Mercy Corps: To Fix a Broken System, World Humanitarian Summit Must Disrupt It

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At first-ever summit, tackling root causes of conflict head-on is key

A Mercy Corps team member shows a map to a group of refugees on the island of Lesvos, Greece. Mercy Corps’ mobile unit provides food, water, WiFi and power. Credit: Karine Aigner for Mercy Corps

To build long-term stability and the better world we know is possible, we need to look at what is driving these crises and start there

The global organization Mercy Corps is joining other international organizations, world leaders and the private sector for the first-ever World Humanitarian Summit to address a humanitarian system that is no longer capable of meeting exponentially growing need in a world facing a confluence of displacement, crisis and fragility.

With nearly 60 million people forcibly displaced from their homes and one in four people struggling to survive in countries trapped in conflict, Mercy Corps is making its case for rethinking how to fix the humanitarian system.

“The system is not just broke, it is broken,” says Neal Keny-Guyer, Chief Executive Officer of Mercy Corps. “It is no longer sufficient solely to call for more funding and resources to deal with the humanitarian impact of crises.”

With 89 percent of global funding for humanitarian aid spent on lifesaving assistance in conflict situations that have lasted three or more years, the time is ripe to disrupt the system and prioritize investments tackling root causes of conflict, such as feelings of injustice driven by marginalization, security abuses and weak governance.

In response to a request from the UN Secretary General, Mercy Corps presents three core commitments for the Agenda for Humanity, a framework for action following the Summit:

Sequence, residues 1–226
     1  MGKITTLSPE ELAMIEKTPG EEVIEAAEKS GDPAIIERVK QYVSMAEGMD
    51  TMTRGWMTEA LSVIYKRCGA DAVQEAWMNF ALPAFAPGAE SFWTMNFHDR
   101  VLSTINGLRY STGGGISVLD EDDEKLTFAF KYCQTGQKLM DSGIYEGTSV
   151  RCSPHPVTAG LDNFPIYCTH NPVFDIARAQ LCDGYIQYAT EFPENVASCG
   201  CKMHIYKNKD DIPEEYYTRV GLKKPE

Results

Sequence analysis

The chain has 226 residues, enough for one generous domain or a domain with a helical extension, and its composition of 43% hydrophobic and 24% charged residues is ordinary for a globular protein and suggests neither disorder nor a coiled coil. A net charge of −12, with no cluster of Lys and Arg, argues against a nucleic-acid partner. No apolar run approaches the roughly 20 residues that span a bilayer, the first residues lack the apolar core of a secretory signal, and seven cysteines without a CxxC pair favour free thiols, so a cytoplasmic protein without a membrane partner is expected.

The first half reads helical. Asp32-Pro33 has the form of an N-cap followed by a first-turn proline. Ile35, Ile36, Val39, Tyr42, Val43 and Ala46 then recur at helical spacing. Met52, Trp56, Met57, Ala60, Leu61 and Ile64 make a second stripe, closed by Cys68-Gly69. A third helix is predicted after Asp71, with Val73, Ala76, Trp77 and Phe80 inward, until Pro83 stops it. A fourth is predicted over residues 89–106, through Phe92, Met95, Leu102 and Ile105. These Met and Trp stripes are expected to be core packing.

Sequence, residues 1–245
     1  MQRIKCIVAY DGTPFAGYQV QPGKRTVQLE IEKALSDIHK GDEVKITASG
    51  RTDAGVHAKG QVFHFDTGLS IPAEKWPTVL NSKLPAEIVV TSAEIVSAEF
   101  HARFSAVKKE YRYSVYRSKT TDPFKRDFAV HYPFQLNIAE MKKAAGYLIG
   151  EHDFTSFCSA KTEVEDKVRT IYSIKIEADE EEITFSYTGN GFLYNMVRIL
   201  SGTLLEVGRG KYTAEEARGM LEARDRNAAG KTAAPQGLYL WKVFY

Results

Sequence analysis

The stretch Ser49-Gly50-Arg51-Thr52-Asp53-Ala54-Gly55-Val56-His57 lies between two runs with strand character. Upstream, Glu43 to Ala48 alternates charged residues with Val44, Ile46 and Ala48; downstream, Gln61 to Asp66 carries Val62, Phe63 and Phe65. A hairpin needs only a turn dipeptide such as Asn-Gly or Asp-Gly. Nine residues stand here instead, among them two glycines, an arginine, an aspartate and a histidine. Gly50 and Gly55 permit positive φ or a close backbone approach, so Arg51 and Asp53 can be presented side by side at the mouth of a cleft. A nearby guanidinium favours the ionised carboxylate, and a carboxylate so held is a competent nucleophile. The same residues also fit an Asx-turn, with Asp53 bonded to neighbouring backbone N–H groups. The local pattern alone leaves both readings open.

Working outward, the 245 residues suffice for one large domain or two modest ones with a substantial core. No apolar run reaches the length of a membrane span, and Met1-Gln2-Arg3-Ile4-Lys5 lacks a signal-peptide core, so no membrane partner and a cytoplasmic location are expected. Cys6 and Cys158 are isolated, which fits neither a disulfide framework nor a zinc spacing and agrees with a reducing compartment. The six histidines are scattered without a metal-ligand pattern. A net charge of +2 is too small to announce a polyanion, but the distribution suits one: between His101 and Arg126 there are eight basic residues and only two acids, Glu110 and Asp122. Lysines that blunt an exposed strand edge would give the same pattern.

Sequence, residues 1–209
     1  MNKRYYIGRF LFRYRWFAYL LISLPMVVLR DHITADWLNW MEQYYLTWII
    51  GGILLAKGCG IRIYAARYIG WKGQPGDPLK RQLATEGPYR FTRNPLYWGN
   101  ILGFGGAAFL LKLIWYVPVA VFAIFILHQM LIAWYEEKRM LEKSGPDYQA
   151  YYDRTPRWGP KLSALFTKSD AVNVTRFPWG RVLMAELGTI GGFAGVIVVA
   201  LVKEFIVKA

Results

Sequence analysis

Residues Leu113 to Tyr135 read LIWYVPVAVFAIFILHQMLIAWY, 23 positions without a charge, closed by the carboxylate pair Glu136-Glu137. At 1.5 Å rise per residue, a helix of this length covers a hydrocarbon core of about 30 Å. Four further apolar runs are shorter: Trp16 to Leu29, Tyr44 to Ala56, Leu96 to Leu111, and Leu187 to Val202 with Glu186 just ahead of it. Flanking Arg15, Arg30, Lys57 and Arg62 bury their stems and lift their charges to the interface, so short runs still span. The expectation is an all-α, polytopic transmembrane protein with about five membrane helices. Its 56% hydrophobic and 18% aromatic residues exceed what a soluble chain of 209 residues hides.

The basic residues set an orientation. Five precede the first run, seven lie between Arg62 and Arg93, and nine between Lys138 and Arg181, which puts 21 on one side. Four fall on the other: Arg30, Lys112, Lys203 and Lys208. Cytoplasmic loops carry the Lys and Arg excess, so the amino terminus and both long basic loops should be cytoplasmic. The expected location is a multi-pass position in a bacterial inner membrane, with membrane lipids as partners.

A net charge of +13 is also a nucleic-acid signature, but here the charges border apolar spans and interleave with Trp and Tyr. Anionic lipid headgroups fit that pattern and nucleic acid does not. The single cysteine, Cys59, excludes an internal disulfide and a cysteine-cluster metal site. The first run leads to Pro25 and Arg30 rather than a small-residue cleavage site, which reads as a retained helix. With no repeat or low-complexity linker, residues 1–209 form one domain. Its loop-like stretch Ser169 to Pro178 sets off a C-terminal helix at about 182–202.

•     Address root causes of conflict and work to reduce fragility by investing in the community-led development of inclusive, peaceful societies and integrating conflict-mitigation and peacebuilding initiatives into humanitarian responses.
  •     Meet people’s immediate humanitarian needs while at the same time reducing risk and vulnerability by shifting from a top-down aid delivery model to a system that empowers people to use their local insights to better withstand crises and manage ongoing challenges.
  •     Increase and diversify global support and share of resources for people in fragile and emergency situations.

“If we continue to focus primarily on shortsighted strategies addressing consequences of conflict, humanitarian action will churn in endless cycles of crisis response,” Keny-Guyer says. “To build long-term stability and the better world we know is possible, we need to look at what is driving these crises and start there.”

Mercy Corps works in more than 40 countries around the world to empower people to survive through crisis, build better lives and transform their communities for good. Join us at

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Amy Fairbairn
Mercy Corps
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Christy Delafield
Mercy Corps
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